I have realised, more than ever, that Africa’s Travel Indaba and all the other top industry expos remain more relevant than ever in our digital era, to build fortuitous new partnerships, collaborations, and significant connections
Mention the COVID-19 pandemic in recent months and people tend to roll their eyes. This is not meant to take anything away from the personal losses and hardships individuals and businesses experienced, but most people have adopted the sense of moving on and don’t mention it any more.
However, it is an undeniable fact that the pandemic forever changed how we conduct business – whether you are working in the public or private sector. Over three years on, we find ourselves daily on the other side of a screen. Our lives have become quick and overcrowded with back-to-back meetings. This is convenient, yet very impersonal.
I was recently asked if an event like Africa’s Travel Indaba was still relevant in an era where everything had gravitated towards digital solutions. This is a familiar event for anyone forming part of South Africa’s tourism industry’s radar, and this too was halted by the pandemic. Last year saw the first event in over two years. This year’s event is forecast to double in the size of attendance, increasing the number of exhibitors and attendance figures from 2019!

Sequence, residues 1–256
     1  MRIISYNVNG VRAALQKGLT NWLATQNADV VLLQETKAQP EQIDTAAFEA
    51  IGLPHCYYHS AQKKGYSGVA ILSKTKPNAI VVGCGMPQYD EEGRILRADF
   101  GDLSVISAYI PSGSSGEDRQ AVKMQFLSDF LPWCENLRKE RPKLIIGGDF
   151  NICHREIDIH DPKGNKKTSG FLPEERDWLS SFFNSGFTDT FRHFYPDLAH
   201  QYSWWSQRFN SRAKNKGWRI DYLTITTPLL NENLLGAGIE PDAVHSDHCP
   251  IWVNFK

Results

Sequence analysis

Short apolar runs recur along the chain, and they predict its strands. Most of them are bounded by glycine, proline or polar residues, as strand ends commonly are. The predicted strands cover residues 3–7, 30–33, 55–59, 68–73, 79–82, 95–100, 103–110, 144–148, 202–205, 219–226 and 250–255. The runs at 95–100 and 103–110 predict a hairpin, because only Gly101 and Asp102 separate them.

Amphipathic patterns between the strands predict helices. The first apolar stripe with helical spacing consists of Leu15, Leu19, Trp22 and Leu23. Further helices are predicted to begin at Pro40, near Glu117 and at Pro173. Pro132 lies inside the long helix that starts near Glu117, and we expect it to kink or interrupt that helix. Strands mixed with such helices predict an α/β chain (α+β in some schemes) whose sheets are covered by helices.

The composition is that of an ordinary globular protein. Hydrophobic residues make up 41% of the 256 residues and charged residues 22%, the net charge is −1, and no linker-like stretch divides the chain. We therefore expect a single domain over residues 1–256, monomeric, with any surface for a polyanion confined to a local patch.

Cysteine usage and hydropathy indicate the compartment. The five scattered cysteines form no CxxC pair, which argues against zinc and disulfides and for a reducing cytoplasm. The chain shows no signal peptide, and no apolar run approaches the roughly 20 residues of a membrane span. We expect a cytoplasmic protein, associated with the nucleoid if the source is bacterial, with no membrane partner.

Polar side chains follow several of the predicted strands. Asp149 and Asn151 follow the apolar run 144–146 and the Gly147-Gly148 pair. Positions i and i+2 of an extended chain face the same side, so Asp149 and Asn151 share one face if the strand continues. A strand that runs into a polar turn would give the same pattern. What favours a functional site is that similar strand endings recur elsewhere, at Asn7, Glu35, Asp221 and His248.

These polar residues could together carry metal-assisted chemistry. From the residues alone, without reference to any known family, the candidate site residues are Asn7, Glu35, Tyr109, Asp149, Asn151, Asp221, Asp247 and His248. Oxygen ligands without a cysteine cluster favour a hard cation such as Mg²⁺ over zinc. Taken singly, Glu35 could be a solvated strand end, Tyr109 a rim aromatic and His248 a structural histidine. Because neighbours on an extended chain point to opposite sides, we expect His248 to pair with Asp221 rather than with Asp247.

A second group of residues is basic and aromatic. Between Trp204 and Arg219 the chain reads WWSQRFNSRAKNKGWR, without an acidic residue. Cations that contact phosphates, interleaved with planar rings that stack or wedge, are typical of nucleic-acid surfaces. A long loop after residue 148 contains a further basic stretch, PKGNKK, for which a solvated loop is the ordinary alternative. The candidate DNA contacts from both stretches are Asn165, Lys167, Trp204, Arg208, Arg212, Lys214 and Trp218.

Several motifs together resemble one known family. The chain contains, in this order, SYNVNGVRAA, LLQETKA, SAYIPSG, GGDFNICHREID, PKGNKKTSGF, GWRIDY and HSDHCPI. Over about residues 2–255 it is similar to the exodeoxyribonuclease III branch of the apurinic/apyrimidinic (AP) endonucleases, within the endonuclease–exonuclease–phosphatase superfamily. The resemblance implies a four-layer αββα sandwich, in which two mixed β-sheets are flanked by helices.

At the launch of this year’s Indaba, Tourism Minister Patricia de Lille reiterated the point that, following the COVID-19 pandemic the sector felt it necessary and important to reposition Africa’s Travel Indaba to ensure it remained relevant in the current environment and boost South Africa’s economy. The aim is to bring in 5.7 million new tourists from across the world, which is an increase compared with previous years. And we are all for it.
A platform to create new allies
The power of Indaba, with its tagline this year of Shaping Africa’s tomorrow through connection today, allows for industry individuals to connect one-on-one over a cup of coffee and to discuss new and exciting things on their respective horizons. The buzzing scene is set with a multitude of tourism associations, tourist operators, hotel and accommodation groups and the media, to name a few. We are all excited to discuss potential and look for new collaborations. There are so many nuances that get lost on a virtual call, and having that face-to-face contact allows everyone to connect in more meaningful and personable ways.
Connecting big and small players in the industry
My personal approach to the Indaba may not be one that is the best practice for all – I have accepted every single invitation shared with me in my Indaba exhibitor diary (mentioning that my diary has been able to accommodate). I am thrilled to be meeting with people I have never spoken to, and I am humbled that these people are excited to work with us. We have noticed a lot of small tour operators who have grown during and after the pandemic and this amazing platform creates a new ecosystem of business for both big and small players to build connections we might otherwise not have been able to make.
Indaba is not just about reconnecting with people we know, but it is a space to meet brand-new people and adding them to your circle of business. These moments remind me of the quote from Paul Hawken, which encapsulates our industry, and professional partnerships so perfectly: “All is connected… no one thing can change by itself.”